WHICH DEMOGRAPHIC IS MOST SUITED TO YOUR TOURS? It’s very similar to river cruising. You have
WILL YOU BE DOING EVENTS OR FAM TRIPS? When I was at Collette previously we
never did a UK fam trip – we’re planning on doing four in 2020. We’re going to do more fam trips, more events. We’ll be taking some of the things that were really successful with Uniworld, like taking agents to Paris for the day and having dinner on board the river ship we charter, which belongs to Amadeus River Cruises. We’ve also got concessions for agents now. If agents want to do their own trip they will get 50 per cent off the Collette tour and 30 per cent off for their partner. WHERE SHOULD AGENTS GO IF THEY WANT TO KNOW MORE? We’ve got a travel agent portal where agents can register. In doing so, they’ll gain access to digital brochures and point of sale materials – and they can reach out to the team, too. If they’ve got consumer events, or if they want to do joint marketing, or if they have a database they want contacting, we can support them with all of that. That support wasn’t necessarily there before. We’ve now got the tools and we can work with agents a lot more.
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Five of the best: new hotels opening in 2020 ARCTIC BATH, SWEDEN Resembling something between a bird’s nest and a birthday cake, the Arctic Bath’s spa centre is one of the most striking designs we’ve seen. It either floats or is frozen in the waters of the Lule River, depending on the time of year. The hotel itself, in Swedish Lapland, draws heavily on Scandinavian design and uses sustainable materials. There are 12 cabins to stay in – either on land or in the water. You will find a 62 square metre cabin for five elevated on poles and situated among vegetation, and a 24 square metre double hotel room in a cabin connected to the shore by a floating walkway.
ARTIST RESIDENCE, BRISTOL The Artist Residence in Brighton has been one of the south-coast city’s best hotels since opening a decade ago. After openings in Penzance, Oxford and London, the boutique brand – launched by couple Justin and Charlotte Salisbury – is now heading to Bristol’s St Pauls district. They will restore a dilapidated Grade I-listed building to provide 23 bedrooms, a bar, café and the Boot Factory restaurant.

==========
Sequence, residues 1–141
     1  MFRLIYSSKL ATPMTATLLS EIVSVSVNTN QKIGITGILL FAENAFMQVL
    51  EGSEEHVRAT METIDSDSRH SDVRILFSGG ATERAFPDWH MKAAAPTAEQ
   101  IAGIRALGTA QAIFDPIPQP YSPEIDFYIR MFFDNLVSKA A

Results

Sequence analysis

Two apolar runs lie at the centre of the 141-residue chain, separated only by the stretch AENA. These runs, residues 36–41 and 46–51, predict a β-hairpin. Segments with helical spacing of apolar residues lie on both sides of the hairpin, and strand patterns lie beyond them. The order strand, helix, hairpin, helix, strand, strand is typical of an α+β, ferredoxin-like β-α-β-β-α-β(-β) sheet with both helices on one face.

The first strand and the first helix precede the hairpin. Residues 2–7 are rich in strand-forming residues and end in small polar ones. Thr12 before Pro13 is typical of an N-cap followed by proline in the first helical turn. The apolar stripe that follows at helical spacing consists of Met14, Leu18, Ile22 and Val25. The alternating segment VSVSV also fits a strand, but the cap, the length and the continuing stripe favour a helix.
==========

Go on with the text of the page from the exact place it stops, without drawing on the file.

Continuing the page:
BULGARI, PARIS Bulgari, which has opulent hotels in London, Milan, Bali, Dubai, Beijing and Shanghai, seems a good fit for Paris. Located on the beautiful Avenue George V, this hotel will feature 76 rooms, a spa, restaurant, and an 25m pool. The building has been revamped by Italian architects Antonio Citterio Patricia Viel and Parisian firm Valode & Pistre.
THE LONDONER, LONDON It’s going to be a bumper year for the London hotel scene: 65 new hotels with 8,000 rooms are due to open in the capital in 2020. We like the look of The Londoner, Leicester Square. Described as a ‘super boutique hotel’ and known as the Icebeg, the property, but Edwardian Hotels, will have 350 rooms across its 16 storeys, including subterranean levels.
BAI SAN HO, VIETNAM Zannier hotels’ Bai San Ho will open in the unspoilt Phu Yen province for its first venture in Vietnam. Spread over 98 hectares of garden close to Quy Nhon, it will have a kilometre-long beach featuring 71 villas, of which more than half will have private plunge pools. The hotel will also have three restaurants and two bars.
22 January 2020
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All the latest reports, comment, campaigns and events from ABTA – The Travel Association
ABTA welcomes EasyJet Holidays as a member
The carrier, which took 20 million people on holiday last year, contracts 5,000 hotels By Sam Ballard EasyJet has relaunched EasyJet Holidays and joined ABTA as it looks to become a major player in the UK holiday market.The relaunched holiday business, which was previously outsourced, will offer hotels in more than 100 destinations and include 23kg of hold luggage. The carrier took 20 million people on holiday last year, although only half a million of those were an EasyJet Holidays customer. EasyJet Holidays is now contracting hotels for the first time. The beach collection includes hotels that are split between luxury, adult, family and undiscovered. City hotels are either
24 January 2020
boutique or luxury. Overall there are more than 5,000 hotels available. The launch has been boosted by a national TV advertising campaign. ABTA’s Victoria Bacon said: “ABTA welcomes EasyJet Holidays as a new member as it launches its new business in the UK. It is an exciting time in the run-up to peak booking season for the year ahead, and the launch will provide customers with greater choice in the market. “By being a member, EasyJet Holidays customers will benefit from ABTA’s expert assistance and high standards through its Code of Conduct. The ABTA logo gives customers confidence in the holiday products they buy from members who see it as a badge that they can trust”.